How do you keep food safe during an emergency?
Folks in the Northeast are learning the hard way
Wednesday, February 13, 2013
Digging out of three feet of snow is just part of the problem for residents of the Northeast who got pounded by a blizzard over the weekend. If the power is out, you have the additional concern about keeping your refrigerated food safe.
"Major winter storms that bring heavy snow, ice and strong winds can impact food safety," said Food Safety and Inspection Service Administrator Al Almanza.
FSIS offers these steps to follow after a weather emergency:
Keep the refrigerator and freezer doors closed as much as possible to maintain the cold temperature.
The refrigerator will keep food safely cold for about four hours if it is unopened. A full freezer will hold the temperature for approximately 48 hours (24 hours if it is half full) and the door remains closed.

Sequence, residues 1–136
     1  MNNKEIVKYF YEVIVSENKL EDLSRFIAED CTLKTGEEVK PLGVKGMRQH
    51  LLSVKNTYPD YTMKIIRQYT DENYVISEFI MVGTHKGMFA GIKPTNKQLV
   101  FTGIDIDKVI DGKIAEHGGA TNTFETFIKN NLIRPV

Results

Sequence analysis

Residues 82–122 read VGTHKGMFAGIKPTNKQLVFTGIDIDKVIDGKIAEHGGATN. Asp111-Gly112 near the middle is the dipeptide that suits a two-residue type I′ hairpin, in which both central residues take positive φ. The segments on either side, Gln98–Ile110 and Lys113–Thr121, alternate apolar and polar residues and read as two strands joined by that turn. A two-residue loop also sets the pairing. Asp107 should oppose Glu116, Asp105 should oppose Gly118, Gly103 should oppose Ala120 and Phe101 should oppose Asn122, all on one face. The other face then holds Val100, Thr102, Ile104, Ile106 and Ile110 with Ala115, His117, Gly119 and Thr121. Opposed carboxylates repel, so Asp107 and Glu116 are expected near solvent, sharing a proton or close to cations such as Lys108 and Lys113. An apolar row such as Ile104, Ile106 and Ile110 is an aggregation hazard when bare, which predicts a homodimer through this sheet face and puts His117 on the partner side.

Discard refrigerated perishable food such as meat, poultry, fish, soft cheeses, milk, eggs, leftovers and deli items after 4 hours without power.
Food may be safely refrozen if it still contains ice crystals or is at 40° F or below when checked with a food thermometer.
Never taste a food to determine its safety.
Obtain dry or block ice to keep your refrigerator and freezer as cold as possible if the power is going to be out for a prolonged period of time. Fifty pounds of dry ice should hold an 18-cubic-foot full freezer for 2 days.
If the power has been out for several days, check the temperature of the freezer with an appliance thermometer. If the appliance thermometer reads 40° F or below, the food is safe to refreeze.
If a thermometer has not been kept in the freezer, check each package of food to determine its safety. If the food still contains ice crystals, the food is safe.
When in Doubt, throw it Out!